Without You I’m Nothing  continues the trend of having a popular song that’s actually relatively underwhelming (“Pure Morning”), but that’s no matter, because it’s a great leap forward, the album that put Placebo into the big leagues.  The band sounds invigorated and lively, and the diversity of sounds and ideal track ordering makes the album feel much greater than the sum of its parts. 

Lyrically, Molko mostly discusses flawed relationships, and like the band, he has improved.  “Ask for Answers” mentions relationship bonds “wrapped in lust and lunacy,” and on “Every You Every Me” (which opened the film Cruel Intentions) he cries, “Carve your name into my arm / Instead of stressed I lie here charmed”—all in all, his metaphors indicate that need to have something that hurts him.  The depressiveness of his lyrics might surprise you on such exhilarating tracks as “Brick Shithouse” and “Every You,” but he also imparts a sense of urgency, a burning need for love that always feels out of reach, that’s appropriate for the music, especially on the stunning title track.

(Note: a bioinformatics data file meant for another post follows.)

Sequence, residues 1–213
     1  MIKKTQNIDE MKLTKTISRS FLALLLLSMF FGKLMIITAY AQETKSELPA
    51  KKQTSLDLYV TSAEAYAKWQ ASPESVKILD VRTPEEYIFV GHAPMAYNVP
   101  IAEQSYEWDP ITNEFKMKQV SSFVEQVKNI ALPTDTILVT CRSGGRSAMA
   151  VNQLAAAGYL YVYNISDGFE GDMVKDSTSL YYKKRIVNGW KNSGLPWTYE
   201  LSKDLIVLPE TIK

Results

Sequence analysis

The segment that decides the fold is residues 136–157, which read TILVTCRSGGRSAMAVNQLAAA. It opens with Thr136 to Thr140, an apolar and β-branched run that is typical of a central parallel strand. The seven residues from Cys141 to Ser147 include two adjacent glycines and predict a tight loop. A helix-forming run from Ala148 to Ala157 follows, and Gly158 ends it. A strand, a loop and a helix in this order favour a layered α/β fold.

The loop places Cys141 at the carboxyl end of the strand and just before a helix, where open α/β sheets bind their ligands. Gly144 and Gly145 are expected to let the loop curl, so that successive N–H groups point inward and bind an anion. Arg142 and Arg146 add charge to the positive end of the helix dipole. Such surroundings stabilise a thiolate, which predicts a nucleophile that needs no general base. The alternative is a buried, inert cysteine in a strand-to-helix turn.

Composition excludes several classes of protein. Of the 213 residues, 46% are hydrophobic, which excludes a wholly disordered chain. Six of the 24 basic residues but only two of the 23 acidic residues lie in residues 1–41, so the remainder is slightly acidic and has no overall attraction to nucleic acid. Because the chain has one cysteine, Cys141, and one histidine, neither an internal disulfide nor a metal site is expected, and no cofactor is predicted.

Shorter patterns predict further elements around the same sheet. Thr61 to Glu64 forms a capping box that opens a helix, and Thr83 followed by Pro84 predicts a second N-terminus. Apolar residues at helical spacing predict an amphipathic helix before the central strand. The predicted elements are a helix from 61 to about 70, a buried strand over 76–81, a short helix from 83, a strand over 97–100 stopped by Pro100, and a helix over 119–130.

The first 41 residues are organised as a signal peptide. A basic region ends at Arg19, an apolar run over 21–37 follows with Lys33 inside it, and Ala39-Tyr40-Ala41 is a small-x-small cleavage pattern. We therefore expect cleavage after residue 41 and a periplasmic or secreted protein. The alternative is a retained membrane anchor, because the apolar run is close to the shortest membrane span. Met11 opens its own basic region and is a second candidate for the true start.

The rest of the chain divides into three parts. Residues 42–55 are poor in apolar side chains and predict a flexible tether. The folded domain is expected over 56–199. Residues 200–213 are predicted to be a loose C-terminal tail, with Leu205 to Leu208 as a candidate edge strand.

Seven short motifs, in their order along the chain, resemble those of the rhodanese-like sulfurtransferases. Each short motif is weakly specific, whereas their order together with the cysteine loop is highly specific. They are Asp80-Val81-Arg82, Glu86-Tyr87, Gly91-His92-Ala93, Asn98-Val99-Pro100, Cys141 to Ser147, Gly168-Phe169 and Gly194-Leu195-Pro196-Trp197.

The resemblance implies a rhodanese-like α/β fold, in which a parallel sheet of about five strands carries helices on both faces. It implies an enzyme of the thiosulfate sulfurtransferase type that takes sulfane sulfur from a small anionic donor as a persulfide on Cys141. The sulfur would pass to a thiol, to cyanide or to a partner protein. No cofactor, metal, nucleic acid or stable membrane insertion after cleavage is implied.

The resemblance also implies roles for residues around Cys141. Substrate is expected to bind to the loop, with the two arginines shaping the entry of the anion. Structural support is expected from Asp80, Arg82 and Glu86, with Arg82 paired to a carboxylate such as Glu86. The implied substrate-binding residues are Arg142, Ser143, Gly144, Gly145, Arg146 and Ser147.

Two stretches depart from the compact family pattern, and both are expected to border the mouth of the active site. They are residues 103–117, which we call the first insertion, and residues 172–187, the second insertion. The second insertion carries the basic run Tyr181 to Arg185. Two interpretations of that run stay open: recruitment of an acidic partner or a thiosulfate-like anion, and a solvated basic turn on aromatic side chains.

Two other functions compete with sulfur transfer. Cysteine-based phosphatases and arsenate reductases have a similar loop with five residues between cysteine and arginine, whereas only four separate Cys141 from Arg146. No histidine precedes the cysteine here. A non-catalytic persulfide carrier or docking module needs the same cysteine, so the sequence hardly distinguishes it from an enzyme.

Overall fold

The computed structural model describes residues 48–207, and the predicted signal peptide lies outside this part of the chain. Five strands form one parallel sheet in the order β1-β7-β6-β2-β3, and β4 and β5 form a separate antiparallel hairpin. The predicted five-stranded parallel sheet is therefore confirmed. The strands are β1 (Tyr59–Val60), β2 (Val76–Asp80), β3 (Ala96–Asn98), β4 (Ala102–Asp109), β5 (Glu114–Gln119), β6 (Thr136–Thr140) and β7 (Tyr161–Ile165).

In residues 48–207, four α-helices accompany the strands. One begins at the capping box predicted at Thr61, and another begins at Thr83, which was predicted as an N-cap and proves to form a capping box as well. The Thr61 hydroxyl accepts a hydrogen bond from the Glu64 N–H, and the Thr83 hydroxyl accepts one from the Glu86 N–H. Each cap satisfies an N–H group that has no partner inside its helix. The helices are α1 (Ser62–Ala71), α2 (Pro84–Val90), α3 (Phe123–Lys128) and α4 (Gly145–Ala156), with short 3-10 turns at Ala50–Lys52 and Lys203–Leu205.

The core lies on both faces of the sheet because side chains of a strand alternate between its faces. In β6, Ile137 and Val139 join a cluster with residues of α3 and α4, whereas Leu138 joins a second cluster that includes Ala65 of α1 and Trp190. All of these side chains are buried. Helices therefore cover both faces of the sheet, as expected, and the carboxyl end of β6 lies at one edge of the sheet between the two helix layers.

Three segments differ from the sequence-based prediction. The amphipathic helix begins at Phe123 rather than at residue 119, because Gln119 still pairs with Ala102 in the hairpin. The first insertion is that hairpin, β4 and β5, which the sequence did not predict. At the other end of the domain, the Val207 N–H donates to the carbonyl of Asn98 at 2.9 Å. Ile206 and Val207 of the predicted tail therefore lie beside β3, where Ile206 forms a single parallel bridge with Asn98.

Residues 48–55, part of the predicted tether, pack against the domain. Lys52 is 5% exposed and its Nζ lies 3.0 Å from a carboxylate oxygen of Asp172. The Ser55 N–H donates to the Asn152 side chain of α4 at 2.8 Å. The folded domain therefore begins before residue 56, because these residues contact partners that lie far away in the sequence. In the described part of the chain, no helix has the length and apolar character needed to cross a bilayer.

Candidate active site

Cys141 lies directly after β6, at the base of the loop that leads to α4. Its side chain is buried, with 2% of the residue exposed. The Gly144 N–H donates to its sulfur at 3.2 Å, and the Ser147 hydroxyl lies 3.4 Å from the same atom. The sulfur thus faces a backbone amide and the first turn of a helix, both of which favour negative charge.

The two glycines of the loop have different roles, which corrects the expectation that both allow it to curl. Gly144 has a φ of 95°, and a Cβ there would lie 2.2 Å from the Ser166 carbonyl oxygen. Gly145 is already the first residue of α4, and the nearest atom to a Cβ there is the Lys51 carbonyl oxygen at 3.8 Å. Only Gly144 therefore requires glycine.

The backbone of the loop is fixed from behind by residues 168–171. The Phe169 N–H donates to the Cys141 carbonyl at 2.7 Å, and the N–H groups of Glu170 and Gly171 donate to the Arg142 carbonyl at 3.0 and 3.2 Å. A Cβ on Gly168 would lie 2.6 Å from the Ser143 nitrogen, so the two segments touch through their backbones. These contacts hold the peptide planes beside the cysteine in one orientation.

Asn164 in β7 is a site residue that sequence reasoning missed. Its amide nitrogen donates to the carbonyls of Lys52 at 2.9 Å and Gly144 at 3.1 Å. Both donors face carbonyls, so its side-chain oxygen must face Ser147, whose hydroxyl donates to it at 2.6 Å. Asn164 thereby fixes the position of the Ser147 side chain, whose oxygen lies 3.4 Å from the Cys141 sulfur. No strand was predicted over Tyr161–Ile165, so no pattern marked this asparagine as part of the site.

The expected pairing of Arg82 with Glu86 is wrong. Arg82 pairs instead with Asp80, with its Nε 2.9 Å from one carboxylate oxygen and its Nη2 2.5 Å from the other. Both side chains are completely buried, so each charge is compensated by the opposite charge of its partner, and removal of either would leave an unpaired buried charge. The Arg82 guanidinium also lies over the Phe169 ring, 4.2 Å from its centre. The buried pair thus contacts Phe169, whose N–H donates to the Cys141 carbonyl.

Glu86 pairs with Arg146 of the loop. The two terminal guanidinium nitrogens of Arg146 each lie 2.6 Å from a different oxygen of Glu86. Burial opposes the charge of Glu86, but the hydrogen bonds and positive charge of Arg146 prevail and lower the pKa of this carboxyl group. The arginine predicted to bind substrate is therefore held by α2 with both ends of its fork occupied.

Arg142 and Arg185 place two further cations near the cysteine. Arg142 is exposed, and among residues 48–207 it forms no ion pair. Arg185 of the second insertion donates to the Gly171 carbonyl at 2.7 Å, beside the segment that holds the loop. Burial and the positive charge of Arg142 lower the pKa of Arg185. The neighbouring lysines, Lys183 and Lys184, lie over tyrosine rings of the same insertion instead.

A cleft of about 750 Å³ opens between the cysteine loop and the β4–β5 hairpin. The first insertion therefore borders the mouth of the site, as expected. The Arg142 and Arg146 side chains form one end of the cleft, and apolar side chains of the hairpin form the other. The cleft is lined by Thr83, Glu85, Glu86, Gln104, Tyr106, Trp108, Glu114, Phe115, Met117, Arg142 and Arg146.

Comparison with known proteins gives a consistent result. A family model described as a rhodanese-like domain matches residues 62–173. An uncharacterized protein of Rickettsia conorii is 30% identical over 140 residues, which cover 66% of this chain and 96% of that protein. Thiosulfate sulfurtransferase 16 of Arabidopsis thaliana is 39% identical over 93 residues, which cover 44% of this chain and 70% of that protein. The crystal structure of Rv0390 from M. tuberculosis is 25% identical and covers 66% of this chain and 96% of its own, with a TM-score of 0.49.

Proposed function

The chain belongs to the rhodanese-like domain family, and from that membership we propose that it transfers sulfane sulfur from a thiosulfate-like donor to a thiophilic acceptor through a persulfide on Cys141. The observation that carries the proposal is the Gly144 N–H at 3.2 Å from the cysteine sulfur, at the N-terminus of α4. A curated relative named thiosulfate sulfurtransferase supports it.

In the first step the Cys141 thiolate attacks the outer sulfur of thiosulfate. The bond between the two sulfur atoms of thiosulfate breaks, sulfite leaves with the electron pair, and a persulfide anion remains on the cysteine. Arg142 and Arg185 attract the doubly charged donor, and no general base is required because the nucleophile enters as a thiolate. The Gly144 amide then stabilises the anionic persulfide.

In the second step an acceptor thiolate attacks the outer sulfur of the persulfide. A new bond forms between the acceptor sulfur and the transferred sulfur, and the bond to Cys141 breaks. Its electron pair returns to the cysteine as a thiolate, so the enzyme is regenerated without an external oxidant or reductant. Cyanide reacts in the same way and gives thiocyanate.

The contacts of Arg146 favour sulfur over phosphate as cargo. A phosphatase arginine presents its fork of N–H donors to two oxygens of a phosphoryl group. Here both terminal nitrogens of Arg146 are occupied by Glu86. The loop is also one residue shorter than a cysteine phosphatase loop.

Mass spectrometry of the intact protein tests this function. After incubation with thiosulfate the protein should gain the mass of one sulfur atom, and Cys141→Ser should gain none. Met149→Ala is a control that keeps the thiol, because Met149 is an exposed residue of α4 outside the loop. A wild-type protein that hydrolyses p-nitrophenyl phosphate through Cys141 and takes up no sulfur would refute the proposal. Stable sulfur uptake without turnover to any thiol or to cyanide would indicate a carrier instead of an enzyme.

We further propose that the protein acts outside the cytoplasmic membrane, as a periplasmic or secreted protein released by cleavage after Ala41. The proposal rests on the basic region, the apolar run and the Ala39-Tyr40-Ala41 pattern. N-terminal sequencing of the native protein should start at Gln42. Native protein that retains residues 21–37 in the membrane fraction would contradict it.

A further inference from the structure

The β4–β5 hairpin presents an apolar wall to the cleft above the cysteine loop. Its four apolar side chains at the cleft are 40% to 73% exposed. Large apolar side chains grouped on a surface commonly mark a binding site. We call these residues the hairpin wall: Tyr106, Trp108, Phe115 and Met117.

Black Market Music continues in a similar vein, albeit with a few new sounds, which produce intermittent success.  “Spite & Malice” dabbles in hip-hop but otherwise goes nowhere, and the album doesn’t flow nearly as well as its predecessor, but their dark sound hasn’t stopped being compelling, from the techno-sampling “Taste in Men” to “Haemoglobin,” where Molko’s voice sounds as processed as Bono’s on “The Fly.” 

The paean to drugs this time is “Special K,” which is heavy enough to be a killer live, yet backed with an undercurrent of melancholy, all put forward with a heavy dose of melody and feeling.   Molko’s lyrics aren’t as sharp overall as before, but he scores with closer “Peeping Tom,” writing as someone who’s relegated to only being able to peer into his former love’s life from a distance.